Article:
See a picture you like but cannot remember the original? Or want to use a motif within a design and need to know its source? Or curious who painted that masterpiece? Thanks to new search and retrieval techniques developed by ARTISTE, you can now find out.
European museums and galleries are rich in cultural treasures, but if you are unable to visit the premises then gaining information on their collections can be a challenge. Many of these institutions have online information facilities, however a lack of standardised systems and techniques has often made access more difficult than need be.
The IST project ARTISTE aimed to tackle this problem by developing content-based search and retrieval systems that could be used by major art institutions. Project participants included several leading galleries across Europe, such as the Uffizi in Florence, the National Gallery and the Victoria and Albert (the V&A) museum in London and Centre de Recherché et de Restauration des Musées de France (C2RMF), the restoration centre for French museums including the Louvre. By the close of the project in 2002, the project partners had developed several new and useful ways of accessing information online on major art collections.
Flexible content-based search
"We developed the 'Fax Finder' algorithm for example, which is designed to match a fax to an image," says Kirk Martinez of the University of Southampton. "We might receive a fax copy of an image from an American professor for example. We scan the fax into the system, which is capable of rapidly sifting through a database of 40,000 images, then receive a list of the top 10 or 20 most similar images."
Another ARTISTE development is the ability to carry out a distributed query across more than one collection, for example those of both the Louvre and the National Gallery. Says Martinez, "Say someone wants to find all 17th Century paintings where one particular colour is used. The same query is sent to both institutions. Each then returns their results, in the form of a set of 10 urls with the highest score."
A search algorithm of a very different type was developed specifically to meet the needs of the V&A museum. Unlike the Fax-Finder search that tries to find the single most likely image, this browser-based facility is designed to carry out a search for colour matches and to present the widest possible choice of original images that match the query. Such a facility can be extremely useful to designers seeking a match with an original design.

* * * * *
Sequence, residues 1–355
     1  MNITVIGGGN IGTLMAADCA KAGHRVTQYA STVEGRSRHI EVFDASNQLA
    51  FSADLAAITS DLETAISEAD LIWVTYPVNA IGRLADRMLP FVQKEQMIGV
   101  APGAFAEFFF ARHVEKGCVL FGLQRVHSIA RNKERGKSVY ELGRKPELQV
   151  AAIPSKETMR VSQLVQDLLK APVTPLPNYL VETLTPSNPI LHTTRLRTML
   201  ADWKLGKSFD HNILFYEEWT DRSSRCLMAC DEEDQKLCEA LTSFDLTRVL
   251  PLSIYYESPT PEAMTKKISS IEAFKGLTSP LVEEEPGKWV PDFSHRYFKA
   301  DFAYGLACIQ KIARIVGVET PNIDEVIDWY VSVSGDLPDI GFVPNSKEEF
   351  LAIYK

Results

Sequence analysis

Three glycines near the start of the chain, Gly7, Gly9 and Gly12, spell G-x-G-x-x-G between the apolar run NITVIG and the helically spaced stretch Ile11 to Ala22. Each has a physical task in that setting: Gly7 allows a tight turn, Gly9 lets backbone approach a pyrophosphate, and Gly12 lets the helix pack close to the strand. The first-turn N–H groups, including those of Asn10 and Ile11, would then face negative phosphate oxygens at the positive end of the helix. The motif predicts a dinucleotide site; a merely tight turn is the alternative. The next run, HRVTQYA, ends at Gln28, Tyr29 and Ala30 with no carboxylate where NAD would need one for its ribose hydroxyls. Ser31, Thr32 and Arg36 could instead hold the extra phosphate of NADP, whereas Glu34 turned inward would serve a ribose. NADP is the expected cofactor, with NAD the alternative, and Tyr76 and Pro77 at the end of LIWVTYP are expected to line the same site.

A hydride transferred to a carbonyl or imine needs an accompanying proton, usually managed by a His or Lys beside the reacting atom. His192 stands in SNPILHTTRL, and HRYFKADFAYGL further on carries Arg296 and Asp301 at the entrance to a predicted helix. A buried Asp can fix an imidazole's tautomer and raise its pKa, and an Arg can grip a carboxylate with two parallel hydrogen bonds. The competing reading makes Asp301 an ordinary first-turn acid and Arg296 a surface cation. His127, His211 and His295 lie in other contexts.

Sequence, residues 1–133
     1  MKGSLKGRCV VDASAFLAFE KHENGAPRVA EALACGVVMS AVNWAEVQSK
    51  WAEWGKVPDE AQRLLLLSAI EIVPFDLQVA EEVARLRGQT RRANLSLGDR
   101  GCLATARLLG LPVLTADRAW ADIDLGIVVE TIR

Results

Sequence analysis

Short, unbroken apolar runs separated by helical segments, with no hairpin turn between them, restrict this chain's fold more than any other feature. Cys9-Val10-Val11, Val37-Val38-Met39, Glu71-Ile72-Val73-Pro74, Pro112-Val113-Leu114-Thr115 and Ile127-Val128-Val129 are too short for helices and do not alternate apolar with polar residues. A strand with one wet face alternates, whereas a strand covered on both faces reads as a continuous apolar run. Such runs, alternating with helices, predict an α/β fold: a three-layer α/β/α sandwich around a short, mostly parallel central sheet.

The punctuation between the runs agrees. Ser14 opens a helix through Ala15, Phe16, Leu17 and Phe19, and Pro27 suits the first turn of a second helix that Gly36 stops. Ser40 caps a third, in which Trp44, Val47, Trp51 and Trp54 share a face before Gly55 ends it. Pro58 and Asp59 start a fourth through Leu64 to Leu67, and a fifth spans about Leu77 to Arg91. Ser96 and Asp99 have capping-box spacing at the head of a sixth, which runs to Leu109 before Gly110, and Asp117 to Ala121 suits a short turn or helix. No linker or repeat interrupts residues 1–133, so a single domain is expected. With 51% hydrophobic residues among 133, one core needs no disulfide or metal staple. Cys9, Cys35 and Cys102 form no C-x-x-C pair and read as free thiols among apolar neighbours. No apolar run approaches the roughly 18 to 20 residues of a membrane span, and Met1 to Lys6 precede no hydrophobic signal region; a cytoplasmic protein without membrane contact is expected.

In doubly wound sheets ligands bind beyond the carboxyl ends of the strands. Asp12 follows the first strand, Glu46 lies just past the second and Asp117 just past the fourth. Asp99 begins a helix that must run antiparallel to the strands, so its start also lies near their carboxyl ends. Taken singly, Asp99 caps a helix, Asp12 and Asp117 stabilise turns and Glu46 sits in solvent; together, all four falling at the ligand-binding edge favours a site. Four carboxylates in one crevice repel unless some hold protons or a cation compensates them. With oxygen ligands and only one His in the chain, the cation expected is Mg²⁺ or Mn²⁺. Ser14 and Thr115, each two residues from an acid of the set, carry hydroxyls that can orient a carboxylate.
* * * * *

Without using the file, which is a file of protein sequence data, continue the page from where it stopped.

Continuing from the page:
ARTISTE has also enabled art institutions to detect potential degradation in their collections. "The Uffizi for example is able to set up a query such as 'What pictures in our collection have developed spider-web shaped cracks?" They were able to find four or five pictures with those issues, and start remedial action before those pieces deteriorated."
Powerful search facilities
James Stevenson of the V&A in London gives a user perspective. "With ARTISTE, we can search our database using combinations of text and image content in the query, which makes the system far more powerful than before. We can submit an image to a database and say, 'Find me an image like this one'. The system can look at aspects of colour distribution for example and find images with similar characteristics."
The system also allows users to go to a colour palette menu and search for images that contain, say, 60 per cent of the same hue. In this way, users can find an original image that is a close match to a design or colour scheme. "We can even take a detail of an image," says Stevenson, "and find its parent. For example in our collection we have thousands of motifs - we can take a motif, or even just a detail of one, and search for its parent."
"We've been working out how to integrate ARTISTE techniques into our current systems," he says. "Although the project made use of a redundant database technology, we have now managed to convert all the features into the open-systems based MySQL.'
Many of the techniques developed successfully under ARTISTE have rolled on into its successor project SCULPTEUR, which has extended the ARTISTE methods of researching two-dimensional images into other media such as 3D models and Quicktime movies. Such abilities are particularly interesting for galleries' sculpture collections.
Providing increased access
ARTISTE project development was driven very much by the needs of the users, emphasises Martinez. "We developed content-based retrieval algorithms for a variety of purposes, say for text, or colour, or colour layouts. These facilities were then tuned to ensure they provided what the users really wanted."
"The project was a success mainly because we were able to see a concrete result which could save people time and effort," he says. "It is not just for professors and professional librarians, but also for the general public. Museums and galleries see it as a good way of increasing access to their collections."
University of Southampton
Southampton SO17 1BJ
Source: Based on information from ARTISTE